Experts in the real estate sector say supply for warehousing space has remained limited resulting in a spike in demand.
Industrial activity has been on the increase following relaxation of Covid-19 restrictions, while improved agriculture and mining have also helped push demand for space.
The Africa Report, by Knight Frank, shows warehousing space has therefore remained in short supply in the country.
“In the industrial sector, demand remains strong but is largely unfulfilled due to limited supply. There have been no significant warehouse completions recently and most new developments are owner-occupied.
“The positivity in the sector is to an extent continuing to be tempered by power outages, low capitalisation, poor water supply and deteriorating infrastructure,” said Knight Frank.
While demand for industrial warehousing facilities has remained strong, the hyperinflationary environment and the depreciation of the Zimbabwean dollar, remain a concern for the sector.
Compared to regional peers, the residential segment Zimbabwe is the worst affected as disposable incomes continue to
decline due to inflation, while sellers are looking for foreign currency for their properties.
Unlike in neighbouring Zambia, where all property sectors are moving into a post-pandemic recovery phase, with the residential leasing market emerging as the most buoyant, domestic house hunters in Zimbabwe have been locked out of the market.
According to the Africa Report 2022 / 2023 by Knight Frank, which analyses trends across the region, sales in the residential market remain stagnant as sellers continue to insist on payments in US dollars, in response to the depreciating Zimbabwe dollar.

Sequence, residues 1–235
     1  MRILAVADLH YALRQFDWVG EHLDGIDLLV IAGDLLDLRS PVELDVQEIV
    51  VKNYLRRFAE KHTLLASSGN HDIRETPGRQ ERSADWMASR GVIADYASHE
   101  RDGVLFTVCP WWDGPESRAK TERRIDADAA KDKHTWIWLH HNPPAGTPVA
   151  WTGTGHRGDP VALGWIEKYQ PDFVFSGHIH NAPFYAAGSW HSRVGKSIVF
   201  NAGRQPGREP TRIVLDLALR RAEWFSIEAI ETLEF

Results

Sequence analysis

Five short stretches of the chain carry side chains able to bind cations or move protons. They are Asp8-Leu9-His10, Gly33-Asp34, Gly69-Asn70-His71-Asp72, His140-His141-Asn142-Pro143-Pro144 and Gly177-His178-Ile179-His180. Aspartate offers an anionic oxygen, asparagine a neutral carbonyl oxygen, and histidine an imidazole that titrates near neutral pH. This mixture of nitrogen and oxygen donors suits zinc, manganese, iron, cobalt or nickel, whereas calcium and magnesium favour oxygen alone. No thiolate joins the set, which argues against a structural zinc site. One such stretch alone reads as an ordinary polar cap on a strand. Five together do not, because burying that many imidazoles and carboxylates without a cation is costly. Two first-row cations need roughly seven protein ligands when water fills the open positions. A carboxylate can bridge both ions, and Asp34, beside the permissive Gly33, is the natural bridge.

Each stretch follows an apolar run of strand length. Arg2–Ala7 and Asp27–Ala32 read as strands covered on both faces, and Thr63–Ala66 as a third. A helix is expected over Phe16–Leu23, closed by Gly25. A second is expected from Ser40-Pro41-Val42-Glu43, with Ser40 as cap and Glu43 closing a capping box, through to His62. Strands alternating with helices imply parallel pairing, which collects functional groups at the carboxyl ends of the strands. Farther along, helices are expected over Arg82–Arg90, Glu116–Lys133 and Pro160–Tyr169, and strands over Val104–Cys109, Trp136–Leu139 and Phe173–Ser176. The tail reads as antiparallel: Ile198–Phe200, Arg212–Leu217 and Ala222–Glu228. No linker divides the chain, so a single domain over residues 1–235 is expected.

The Africa Report also highlights that demand has weakened with domestic buyers for the most part being locked out of the market due to their inability to make payments in US dollars although the diaspora have been unaffected and remain active in the market.
“Hyperinflation and foreign currency shortages are affecting economic stability, resulting in the erosion of real disposable incomes and hence negatively impacting confidence levels.
“The real estate market remains in limbo; however, the suburban office market remains buoyant due to ongoing relocation activity away from the CBD,” said Knight Frank Zimbabwe managing director Siza Masuku in the report.
The real estate gurus have noted suburban office space as an asset cluster to watch going forward with demand remaining high as voids are easily leased.
This comes as there has been a shift in office preference with businesses opting for office parks and suburban offices while voids have been on an increase in the central business district (CBD) segment.
With persistent issues regarding parking, street vendors and high levels of pollution, coupled with the increased rents, demand for CBD office space has fallen sharply, leaving voids of around 60 percent on average.
“Our data hints at the particularly high potential for office development in the Northern suburban areas,” said Knight Frank.